With the full arrival of the mobile energy era, the thin film solar industry grows explosively. Thin-film solar chips are light, thin, and flexible. They can be embedded in various types of carriers like Intel chips, from urban skyscrapers to neighborhood roofs, or parasols on the street, and cars running on the road. They have turned traditional products into “power generation bodies”, enabling energy sharing and free use.
Indium is one of the basic raw materials for the manufacture of thin film solar cells. Indium, atomic number 49, was discovered in 1863 by the German chemist H. Richter in zinc concentrate. Indium is silvery white and has a light blue color. The texture is very soft and can be scored with nails. In nature, indium minerals are dispersed in trace amounts in other minerals. The distribution of indium in the earth’s crust is relatively small, 1/8 of gold and 1/50 of silver. So far, no single or indium-based natural indium deposit has been found. Therefore, indium resources, in people’s impression, are scarce and difficult to mine, so that there is concern about whether there will be shortages and unstable prices of the precious metal.
Luckily, it is optimistic that the industry has said that with the improvement of mining technology, drilling technology, purification technology and recycling technology, more and more indium resources can be used. Therefore, even if the output of copper indium gallium selenide (CIGS) increases explosively in the next few years, it is difficult to affect the supply and demand of indium.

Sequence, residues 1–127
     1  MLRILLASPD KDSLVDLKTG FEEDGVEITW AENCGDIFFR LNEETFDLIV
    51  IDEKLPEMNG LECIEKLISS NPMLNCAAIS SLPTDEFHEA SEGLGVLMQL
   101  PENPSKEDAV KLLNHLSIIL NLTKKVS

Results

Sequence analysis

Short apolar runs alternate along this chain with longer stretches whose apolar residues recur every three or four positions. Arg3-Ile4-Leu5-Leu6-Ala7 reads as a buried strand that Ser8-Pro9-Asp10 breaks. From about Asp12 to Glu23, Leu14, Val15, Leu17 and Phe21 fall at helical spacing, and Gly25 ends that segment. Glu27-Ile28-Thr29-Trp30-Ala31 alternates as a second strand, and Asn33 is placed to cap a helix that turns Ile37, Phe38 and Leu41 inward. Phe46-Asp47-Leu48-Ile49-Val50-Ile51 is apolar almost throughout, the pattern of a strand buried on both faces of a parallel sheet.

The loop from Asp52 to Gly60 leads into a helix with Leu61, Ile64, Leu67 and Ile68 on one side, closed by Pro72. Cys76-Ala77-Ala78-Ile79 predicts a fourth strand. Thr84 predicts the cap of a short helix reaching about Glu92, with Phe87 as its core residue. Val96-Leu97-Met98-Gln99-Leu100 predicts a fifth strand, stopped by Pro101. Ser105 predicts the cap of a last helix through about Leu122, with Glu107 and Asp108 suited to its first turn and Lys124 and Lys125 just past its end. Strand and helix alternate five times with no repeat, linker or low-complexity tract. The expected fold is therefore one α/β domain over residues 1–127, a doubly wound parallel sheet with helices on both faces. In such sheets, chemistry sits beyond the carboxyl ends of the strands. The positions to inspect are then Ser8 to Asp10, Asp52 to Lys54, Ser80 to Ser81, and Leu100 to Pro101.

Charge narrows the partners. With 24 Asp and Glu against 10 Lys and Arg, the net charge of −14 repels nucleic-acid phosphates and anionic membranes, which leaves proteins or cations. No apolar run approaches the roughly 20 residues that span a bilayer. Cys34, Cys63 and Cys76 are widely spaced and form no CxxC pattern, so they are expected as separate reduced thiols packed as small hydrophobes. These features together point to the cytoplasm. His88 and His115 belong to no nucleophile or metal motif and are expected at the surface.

CIGS solar cellIn the future, the copper indium gallium selenide film industry will enter a period of low-cost and high-speed development, and the thin-film solar market will be fully opened. As the photovoltaic industry continues to evolve, reducing power generation costs is a continuing goal. In this context, reducing the amount of precious indium through technical routes is a cost-reduction method that many companies are actively exploring.
At present, some companies have developed a more reliable solution to reduce the amount of indium used in copper-indium-gallium-selenide modules: developing new plasma-spray target technology, reducing the loss in sputtering target coating, reclaiming indium on residual targets, and etc. In addition, by appropriately increasing the composition of gallium or thinning the battery film layer in the copper indium gallium selenide battery, the amount of indium can also be effectively reduced.
The industry produces metal indium by purifying waste zinc and waste tin, and the recovery rate is about 60-70%. From this calculation, based on the proven reserves, the increase in recoverable amount and the indium recovery rate, the currently available indium is about 15,000 tons to 18,000 tons. If all of these indiums are used to produce copper indium gallium selenide batteries, it can produce 1,800 GW, and even if only one-tenth of the amount is used, it can produce 180 GW. In conclusion, in terms of current copper indium gallium selenide production capacity, indium resources are still very rich.
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